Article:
When it comes to matching auto paint, several dynamics can factor into the process and affect the end result. Photo: Spectrum Auto Body (2014)

When it comes to matching auto paint, several dynamics can factor into the process and affect the end result. Photo: Spectrum Auto Body (2014)

Sometimes when an auto body shop fixes a damaged car, the color of the newly painted bumper may not appear to perfectly match the color of the body. Considering the complex nature of paint matching, there are a few possible explanations that may account for this:

  • The character of paint often differs between metal and plastic surfaces due to dissimilar rates of evaporation during the drying process. For this reason, even if the paint had appeared to match perfectly when it was originally applied, it may look different after it dries.
  • The problem often originates with the manufacturer. In many cases, a car’s body will be painted on a production line at the factory, while parts such as the bumper and trim are painted at another location using a different application method, which can complicate the color matching process.
  • It may simply be an optical illusion. Light reflects differently on curved and flat surfaces, which can cause a color’s appearance to vary depending on the angle.

In any case, remember that color matching on cars is a complex process that involves several extenuating factors. Sometimes a perfect match isn’t possible, despite the technician’s best efforts.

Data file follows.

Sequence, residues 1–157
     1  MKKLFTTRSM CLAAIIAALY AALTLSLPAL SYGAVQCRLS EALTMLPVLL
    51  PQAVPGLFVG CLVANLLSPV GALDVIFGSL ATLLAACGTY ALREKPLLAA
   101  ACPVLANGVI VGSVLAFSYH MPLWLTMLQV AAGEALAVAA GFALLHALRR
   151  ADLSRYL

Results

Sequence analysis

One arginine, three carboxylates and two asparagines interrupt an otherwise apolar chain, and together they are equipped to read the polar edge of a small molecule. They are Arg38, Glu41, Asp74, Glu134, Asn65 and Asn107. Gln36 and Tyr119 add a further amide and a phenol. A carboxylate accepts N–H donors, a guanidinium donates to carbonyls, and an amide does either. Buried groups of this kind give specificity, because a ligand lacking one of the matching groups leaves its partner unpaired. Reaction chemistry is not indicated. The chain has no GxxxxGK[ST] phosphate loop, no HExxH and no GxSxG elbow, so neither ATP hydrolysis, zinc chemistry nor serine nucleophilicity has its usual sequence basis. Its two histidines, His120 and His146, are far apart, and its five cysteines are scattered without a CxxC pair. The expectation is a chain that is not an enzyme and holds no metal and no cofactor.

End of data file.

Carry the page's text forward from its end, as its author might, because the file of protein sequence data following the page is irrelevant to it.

To find a Diamond Certified ­­­­auto body shop in your area, click on one of the links below.

Alameda County: www.diamondcertified.org/alameda-auto-body
Contra Costa County: www.diamondcertified.org/contra-costa-auto-body
Marin County: www.diamondcertified.org/marin-auto-body
Napa County: www.diamondcertified.org/napa-auto-body
San Francisco: www.diamondcertified.org/san-francisco-auto-body
San Mateo County: www.diamondcertified.org/san-mateo-auto-body
Santa Clara County: www.diamondcertified.org/santa-clara-auto-body
Santa Cruz County: www.diamondcertified.org/santa-cruz-auto-body
Solano County: www.diamondcertified.org/solano-auto-body
Sonoma County: www.diamondcertified.org/sonoma-auto-body

2 Responses

  1. Ted Smith says:

    I remember when I had to take my car in to get fixed. Someone scraped the side of my car with their car as they were pulling out. The auto shop that fixed the car said the same thing as this article. They said that they would do their best to get the new paint as perfectly matched as possible. When the car came out of the shop I was very surprised to see that the new paint was extremely similar to the old paint. You can hardly tell that it was new.

  2. Eliza Cranston says:

    Thank you for the information on matching paint. I recently had some body work done on my car and wasn’t sure why the paint color was slightly different on the bumper than on the metal. However, it makes sense that plastic and metal would cause the paint to look different. Could you explain how body shops match paint accurately on cars?

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